In observance of Healthy and Safe Swimming Week, the Centers for Disease Control and Prevention (CDC) published a report last week in the Morbidity and Mortality Weekly Report (MMWR) highlighting three states’ experiences with outbreaks of Cryptosporidiosis last summer. Cryptosporidiosis is a gastrointestinal illness caused by the parasite Cryptosporidium, which causes profuse, watery diarrhea lasting up to two to three weeks.
Last summer, Arizona experienced a large, community-wide outbreak of Cryptosporidiosis associated with public recreational water facilities , such as pools, waterparks, and splash pads. Maricopa County was most affected by the outbreak, although cases were reported from eight counties. This was the largest detected outbreak of Cryptosporidiosis in Arizona history, affecting 437 people and 75 facilities in Maricopa County.
Cryptosporidiosis is the most common cause of swimming-pool related outbreaks of diarrheal illness, as the parasite is extremely resistant to chlorine and can survive in a properly chlorinated pool for up to 10 days. Laboratory work performed by the CDC determined that the Arizona outbreak was caused by the most common type of Cryptosporidium causing outbreaks in pools across the United States. County public health and environmental services departments worked together to identify pools where people might have been exposed to the parasite and worked with pool operators to treat the pool. Affected pools can be treated by raising the level of chlorine by 10 to 20 times the normal level for specific lengths of time, which will kill any parasites present.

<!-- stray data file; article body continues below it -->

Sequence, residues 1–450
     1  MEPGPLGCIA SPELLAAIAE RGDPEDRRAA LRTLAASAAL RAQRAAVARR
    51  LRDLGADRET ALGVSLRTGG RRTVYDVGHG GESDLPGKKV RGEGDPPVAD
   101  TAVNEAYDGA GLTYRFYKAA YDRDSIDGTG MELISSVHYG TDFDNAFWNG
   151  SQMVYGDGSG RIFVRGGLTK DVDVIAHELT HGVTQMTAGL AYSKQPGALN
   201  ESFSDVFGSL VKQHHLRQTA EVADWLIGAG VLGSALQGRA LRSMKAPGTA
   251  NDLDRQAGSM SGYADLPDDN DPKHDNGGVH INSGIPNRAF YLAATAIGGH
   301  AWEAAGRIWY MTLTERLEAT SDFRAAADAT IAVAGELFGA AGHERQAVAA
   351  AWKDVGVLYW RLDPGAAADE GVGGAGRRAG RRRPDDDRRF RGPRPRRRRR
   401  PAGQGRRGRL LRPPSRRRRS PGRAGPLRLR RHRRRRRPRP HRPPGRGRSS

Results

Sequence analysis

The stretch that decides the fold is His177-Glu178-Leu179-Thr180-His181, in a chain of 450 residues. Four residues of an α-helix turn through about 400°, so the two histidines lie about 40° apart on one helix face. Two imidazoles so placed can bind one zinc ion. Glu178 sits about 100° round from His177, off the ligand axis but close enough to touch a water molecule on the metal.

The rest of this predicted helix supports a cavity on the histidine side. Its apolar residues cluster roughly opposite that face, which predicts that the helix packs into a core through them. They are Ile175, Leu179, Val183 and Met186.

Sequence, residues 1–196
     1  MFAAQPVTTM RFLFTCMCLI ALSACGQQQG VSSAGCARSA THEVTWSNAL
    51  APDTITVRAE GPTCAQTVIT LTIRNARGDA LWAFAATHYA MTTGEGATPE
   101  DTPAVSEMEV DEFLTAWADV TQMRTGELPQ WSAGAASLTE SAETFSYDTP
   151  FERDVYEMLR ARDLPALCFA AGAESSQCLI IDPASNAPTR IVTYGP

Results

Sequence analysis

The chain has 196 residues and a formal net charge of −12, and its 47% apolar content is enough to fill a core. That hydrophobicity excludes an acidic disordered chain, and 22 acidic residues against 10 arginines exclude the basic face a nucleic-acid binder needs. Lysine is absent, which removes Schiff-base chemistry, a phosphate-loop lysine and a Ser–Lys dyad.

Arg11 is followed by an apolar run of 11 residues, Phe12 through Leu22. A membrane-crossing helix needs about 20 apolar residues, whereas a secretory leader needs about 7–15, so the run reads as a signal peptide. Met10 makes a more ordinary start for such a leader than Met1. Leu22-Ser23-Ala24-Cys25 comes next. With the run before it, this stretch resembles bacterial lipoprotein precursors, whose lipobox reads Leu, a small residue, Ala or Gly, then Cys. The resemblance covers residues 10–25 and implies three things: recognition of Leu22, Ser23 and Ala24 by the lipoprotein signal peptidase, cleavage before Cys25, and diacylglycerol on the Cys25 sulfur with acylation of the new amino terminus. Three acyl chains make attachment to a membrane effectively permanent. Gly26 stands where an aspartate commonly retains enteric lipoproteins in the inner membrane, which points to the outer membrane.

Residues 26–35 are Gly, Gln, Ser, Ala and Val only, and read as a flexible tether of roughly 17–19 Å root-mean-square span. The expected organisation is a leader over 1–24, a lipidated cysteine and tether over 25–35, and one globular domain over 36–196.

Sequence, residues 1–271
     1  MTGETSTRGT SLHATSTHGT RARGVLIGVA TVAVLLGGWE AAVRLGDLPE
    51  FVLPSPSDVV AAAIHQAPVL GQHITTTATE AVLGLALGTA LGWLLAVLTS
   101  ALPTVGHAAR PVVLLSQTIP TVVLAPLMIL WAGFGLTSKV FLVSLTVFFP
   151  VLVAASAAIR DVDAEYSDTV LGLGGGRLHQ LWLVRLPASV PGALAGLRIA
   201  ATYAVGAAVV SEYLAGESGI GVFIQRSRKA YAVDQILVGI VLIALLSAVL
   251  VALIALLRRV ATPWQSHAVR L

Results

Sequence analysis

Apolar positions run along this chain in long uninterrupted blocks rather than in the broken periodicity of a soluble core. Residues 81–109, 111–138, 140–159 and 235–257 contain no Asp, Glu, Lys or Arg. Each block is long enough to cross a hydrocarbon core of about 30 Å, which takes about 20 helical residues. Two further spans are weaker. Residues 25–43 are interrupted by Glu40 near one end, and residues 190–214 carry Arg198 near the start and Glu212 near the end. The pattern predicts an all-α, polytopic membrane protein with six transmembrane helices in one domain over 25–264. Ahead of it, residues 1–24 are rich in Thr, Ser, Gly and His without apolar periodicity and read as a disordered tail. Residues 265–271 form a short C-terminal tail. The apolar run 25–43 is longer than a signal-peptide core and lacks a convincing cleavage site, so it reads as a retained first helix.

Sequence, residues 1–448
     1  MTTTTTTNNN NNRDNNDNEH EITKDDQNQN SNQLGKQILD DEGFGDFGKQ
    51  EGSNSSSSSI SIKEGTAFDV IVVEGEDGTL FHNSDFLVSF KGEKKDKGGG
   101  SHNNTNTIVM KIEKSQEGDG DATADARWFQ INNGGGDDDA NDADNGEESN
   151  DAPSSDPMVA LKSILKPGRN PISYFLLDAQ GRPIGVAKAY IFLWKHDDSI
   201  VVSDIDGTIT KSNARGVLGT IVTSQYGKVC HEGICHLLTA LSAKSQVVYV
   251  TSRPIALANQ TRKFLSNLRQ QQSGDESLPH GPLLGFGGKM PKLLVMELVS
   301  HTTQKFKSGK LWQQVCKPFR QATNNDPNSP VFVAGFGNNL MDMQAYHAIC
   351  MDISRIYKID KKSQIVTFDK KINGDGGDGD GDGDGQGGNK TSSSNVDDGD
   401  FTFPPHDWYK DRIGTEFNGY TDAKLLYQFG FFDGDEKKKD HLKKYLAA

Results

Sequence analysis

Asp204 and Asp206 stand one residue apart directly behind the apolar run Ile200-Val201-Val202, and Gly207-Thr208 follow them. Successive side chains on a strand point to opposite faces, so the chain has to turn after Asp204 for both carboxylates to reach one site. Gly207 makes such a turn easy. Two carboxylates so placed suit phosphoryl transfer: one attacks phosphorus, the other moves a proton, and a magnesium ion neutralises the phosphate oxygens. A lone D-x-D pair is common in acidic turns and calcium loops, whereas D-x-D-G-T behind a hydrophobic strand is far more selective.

One of the issues identified during the outbreak last summer was that people continued to swim while diarrhea was ongoing. A person with cryptosporidiosis can contaminate a pool with the parasite for two weeks after diarrhea resolves. Swimmers and parents of young swimmers should practice and encourage healthy swimming behaviors to protect against Cryptosporidiosis as well as other water-related infections.
Some rules for healthy swimming include:
- Shower before swimming to keep pee, poop, sweat, blood, and dirt out of the water
- Encourage young children to take frequent bathroom breaks and avoid accidents in the pool
- Don’t swallow pool water
- Don’t swim with diarrhea or for two weeks after diarrhea resolves.
As we approach another hot Arizona summer and swimming season, a commitment to practicing healthy swimming behaviors can help keep all Arizonans safe, healthy and ready to enjoy the great health benefits of swimming and staying cool in the water. Arizona kids who are 17 years of age and younger are encouraged to help create awareness for healthy swimming by entering the 2017 Healthy Swimming Poster Contest.